So far as we can tell from the archaeological record, then, human creativity first manifested itself to any significant degree about 40,000 years ago, continuing to emerge independently around the globe over the next 10-15,000 years. (This is the so-called ‘creative explosion’ of the Upper Paleolithic period.) The question is, what happened in the intervening 50,000-plus years from the first emergence of our species? The puzzle is compounded by the fact that by the time of the creative explosion human beings were already widely separated around the globe, and had been so for at least 20,000 years (with Australia having been reached by boat for the first time some 60,000 years ago). Yet this upsurge in human creativity occurred more-or-less simultaneously around the world (give-or-take 10,000 years).
These facts set one of the central puzzles which any account of the origins of creativity needs to address. It looks as if we shall either have to claim that human creativity resulted from a series of gradual cognitive/cultural accumulations, independent of genetic change and built up independently by different human communities over many millennia; or we shall need to claim that some change occurred in the human genotype which could be selected for independently of the nature of the ecological environment (as opposed to the universal aspects of the social milieu). Yet neither of these alternatives looks initially very plausible. For on either account, how are we to explain why the relevant developments should have been constrained to take place in parallel amongst dispersed human populations?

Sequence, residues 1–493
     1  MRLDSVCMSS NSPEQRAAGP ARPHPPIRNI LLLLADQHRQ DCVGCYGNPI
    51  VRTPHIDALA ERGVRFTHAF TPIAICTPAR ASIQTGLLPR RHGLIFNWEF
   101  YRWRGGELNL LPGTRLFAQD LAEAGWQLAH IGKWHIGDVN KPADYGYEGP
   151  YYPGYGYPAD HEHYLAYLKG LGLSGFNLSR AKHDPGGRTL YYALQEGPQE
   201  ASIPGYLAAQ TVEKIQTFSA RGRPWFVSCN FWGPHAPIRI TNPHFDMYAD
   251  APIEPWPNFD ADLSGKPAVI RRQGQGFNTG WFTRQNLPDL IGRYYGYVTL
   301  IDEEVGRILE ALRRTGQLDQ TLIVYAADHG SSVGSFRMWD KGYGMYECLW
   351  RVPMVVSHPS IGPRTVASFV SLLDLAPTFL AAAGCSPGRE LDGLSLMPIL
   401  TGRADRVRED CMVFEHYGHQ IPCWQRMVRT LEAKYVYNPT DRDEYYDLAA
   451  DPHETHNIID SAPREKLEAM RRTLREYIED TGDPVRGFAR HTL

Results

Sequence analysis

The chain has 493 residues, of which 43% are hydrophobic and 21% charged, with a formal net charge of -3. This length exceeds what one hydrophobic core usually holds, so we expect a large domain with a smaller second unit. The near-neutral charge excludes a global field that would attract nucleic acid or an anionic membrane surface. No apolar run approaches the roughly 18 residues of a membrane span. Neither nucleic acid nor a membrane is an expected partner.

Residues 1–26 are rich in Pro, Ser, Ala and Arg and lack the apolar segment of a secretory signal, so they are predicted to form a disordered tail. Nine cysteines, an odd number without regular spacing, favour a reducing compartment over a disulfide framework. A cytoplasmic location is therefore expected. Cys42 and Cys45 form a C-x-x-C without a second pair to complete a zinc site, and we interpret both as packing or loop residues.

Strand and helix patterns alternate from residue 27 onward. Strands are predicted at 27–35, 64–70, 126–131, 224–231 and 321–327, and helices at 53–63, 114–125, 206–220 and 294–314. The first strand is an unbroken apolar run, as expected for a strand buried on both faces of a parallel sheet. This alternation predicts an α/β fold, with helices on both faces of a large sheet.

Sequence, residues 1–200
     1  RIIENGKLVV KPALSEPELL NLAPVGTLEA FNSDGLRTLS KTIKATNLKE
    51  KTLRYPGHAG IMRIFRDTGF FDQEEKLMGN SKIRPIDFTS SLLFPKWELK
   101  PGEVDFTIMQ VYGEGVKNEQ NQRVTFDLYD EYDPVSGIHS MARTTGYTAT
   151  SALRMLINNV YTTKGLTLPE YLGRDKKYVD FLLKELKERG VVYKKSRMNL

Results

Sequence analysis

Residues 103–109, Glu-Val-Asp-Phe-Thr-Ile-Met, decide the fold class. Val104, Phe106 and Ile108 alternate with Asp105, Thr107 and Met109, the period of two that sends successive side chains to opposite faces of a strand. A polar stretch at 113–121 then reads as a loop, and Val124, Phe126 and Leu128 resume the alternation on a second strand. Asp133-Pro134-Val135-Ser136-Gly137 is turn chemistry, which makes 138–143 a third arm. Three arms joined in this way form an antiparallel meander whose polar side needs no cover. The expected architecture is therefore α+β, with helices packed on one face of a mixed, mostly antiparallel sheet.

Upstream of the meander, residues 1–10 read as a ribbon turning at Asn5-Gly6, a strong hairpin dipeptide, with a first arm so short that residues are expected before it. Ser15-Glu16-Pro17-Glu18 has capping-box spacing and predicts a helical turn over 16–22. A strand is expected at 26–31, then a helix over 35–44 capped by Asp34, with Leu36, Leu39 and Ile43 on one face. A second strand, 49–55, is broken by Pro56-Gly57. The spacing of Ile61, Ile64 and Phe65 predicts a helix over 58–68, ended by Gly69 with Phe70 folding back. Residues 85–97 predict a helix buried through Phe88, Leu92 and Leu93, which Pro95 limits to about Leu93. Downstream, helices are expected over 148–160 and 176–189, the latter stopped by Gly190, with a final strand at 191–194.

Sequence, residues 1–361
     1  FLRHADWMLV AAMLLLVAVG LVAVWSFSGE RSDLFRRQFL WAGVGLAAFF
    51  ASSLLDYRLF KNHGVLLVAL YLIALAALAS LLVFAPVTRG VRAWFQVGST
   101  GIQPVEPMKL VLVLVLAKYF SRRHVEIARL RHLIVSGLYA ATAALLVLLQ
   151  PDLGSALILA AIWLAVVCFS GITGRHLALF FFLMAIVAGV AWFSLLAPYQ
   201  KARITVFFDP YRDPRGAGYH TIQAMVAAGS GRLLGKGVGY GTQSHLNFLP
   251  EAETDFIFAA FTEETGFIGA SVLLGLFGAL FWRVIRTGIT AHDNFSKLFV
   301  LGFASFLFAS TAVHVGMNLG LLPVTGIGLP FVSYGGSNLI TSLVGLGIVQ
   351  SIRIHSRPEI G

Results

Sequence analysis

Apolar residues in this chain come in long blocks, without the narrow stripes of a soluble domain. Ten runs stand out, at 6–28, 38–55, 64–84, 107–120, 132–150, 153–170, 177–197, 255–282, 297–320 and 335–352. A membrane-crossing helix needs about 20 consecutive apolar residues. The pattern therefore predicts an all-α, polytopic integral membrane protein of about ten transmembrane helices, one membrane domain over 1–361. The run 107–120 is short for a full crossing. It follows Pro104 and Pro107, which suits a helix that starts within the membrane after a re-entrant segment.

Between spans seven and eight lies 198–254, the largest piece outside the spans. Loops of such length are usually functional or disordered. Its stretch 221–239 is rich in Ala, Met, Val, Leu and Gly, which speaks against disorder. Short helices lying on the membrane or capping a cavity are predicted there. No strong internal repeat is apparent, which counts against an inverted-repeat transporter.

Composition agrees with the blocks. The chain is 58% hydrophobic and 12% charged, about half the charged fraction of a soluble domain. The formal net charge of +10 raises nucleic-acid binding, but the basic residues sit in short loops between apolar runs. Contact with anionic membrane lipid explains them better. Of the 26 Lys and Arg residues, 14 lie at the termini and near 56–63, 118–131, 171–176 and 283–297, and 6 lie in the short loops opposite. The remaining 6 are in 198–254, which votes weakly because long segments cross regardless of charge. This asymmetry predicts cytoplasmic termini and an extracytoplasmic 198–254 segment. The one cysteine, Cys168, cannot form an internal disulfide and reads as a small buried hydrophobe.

In what follows I shall canvass a number of possible explanations of human creativity, each of which carries different implications for the cognitive underpinnings and likely evolution of that capacity. These explanations will be assessed both for intrinsic plausibility and for how successfully they can explain the 20,000-50,000 year gap between the geographical dispersal of modern humans and the appearance of physical manifestations of significant degrees of creativity in the fossil record. But these accounts will also be assessed for the extent to which they can explain the connection between adult creativity and childhood pretend play. This desideratum will be elaborated and defended in the next section.